I thought of this song as I read through Ecclesiastes 7 this morning.
Solomon writes, "When times are good, be happy; but when times are bad, consider: God has made the one as well as the other. Therefore, a man cannot discover anything about his future."
When times are good, be happy. When times are not so good, you might as well be happy then too. God is still God. No matter what's going on, God is still good. He's working things out for His good, for the good of the kingdom of God.
It's not about you.
The thing is, when times are good, we tend to get a little self-righteous. I'm financially successful because God has blessed me. Because I've serve him well. Because I've made good decisions. Whatever.
I remember listening to a conversation back in 2006. My friends were talking about how much their houses were worth and how God had provided for their retirement. How they had made really good investment choices and were basically set for life. (They each owned more than one house.)
And then the real estate market crashed and it didn't look so good for their futures.
When all three of my kids attended church every weekend and did all the things "good Christian kids" are supposed to do, I thought Duane and I were amazing parents. It was our wisdom, I assumed, our commitment to discipline and home schooling. They would serve God wholeheartedly forever and ever.
And then our oldest crashed. Big time.
I recently heard about someone who was leaving the church. I'm okay with that. Newbreak isn't the only place to worship. Except that this person wasn't just leaving Newbreak, but was leaving God.
Times were tough, and the question that stood out was: Where is God in all this?
We think God's present when things go well, and we think he has abandoned us when things don't go well.
But it doesn't work that way. Solomon says, "Since no man knows the future, who can tell him what is to come?"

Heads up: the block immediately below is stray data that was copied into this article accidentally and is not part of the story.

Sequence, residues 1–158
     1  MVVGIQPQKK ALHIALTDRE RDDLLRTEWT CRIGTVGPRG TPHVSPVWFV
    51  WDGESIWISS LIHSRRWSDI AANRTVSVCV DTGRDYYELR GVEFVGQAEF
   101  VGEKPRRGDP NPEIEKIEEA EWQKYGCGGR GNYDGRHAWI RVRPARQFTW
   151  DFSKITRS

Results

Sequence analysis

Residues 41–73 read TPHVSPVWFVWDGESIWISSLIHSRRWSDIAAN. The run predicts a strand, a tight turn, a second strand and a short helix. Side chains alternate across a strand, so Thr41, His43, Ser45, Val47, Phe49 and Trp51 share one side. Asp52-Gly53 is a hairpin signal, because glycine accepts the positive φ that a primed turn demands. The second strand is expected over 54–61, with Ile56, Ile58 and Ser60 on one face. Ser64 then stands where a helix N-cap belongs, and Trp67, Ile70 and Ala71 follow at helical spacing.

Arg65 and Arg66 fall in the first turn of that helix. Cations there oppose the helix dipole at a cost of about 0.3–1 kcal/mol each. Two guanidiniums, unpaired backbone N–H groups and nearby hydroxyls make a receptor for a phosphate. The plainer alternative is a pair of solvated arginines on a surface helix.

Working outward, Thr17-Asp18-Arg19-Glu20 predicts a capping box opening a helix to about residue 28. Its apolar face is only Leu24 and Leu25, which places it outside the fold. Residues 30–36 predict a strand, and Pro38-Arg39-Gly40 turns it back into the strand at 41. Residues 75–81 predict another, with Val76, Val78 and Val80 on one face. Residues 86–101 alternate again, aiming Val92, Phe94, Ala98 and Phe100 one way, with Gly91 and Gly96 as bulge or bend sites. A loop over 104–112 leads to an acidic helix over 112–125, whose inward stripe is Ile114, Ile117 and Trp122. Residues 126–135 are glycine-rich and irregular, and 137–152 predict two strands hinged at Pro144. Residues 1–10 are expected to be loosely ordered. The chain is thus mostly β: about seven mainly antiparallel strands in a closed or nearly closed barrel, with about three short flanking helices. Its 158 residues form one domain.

I think of so many Scriptures passages as I write this:
In Romans 5:3-5, Paul admonishes us to rejoice in our sufferings because as we walk through them, God produces perseverance and character in our lives. Which brings about hope in Christ--who is our only hope.
James 1:2 tells us to consider it pure joy when we experience trials of many kind.
1 Peter 1:6-7 tells us to rejoice in our salvation in spite of the trials around us. Because our salvation is far more valuable than anything else in our lives.
Three different writers. The same message. Suffering produces beauty in our lives.
And so where is God in this? When we look directly at him, focusing on his love, on his character, we see him in the pain of our lives.
The writer of Hebrews tells us to set our eyes on Jesus, who is the author and perfecter of our lives. After all, Jesus suffered to the point of death, something none of us reading this passage have yet done. His suffering was for us.
And so, the writer concludes, we should "endure hardship as discipline" because God is strengthening us for his purposes.
It does seem that I've traveled quite a ways from Ecclesiastes, but maybe not.
When times are good, be happy.
When times are bad, don't worry. Look into the face of Jesus, see his love, his sacrifice. Remember, he will do something incredibly valuable in your life if you will let him.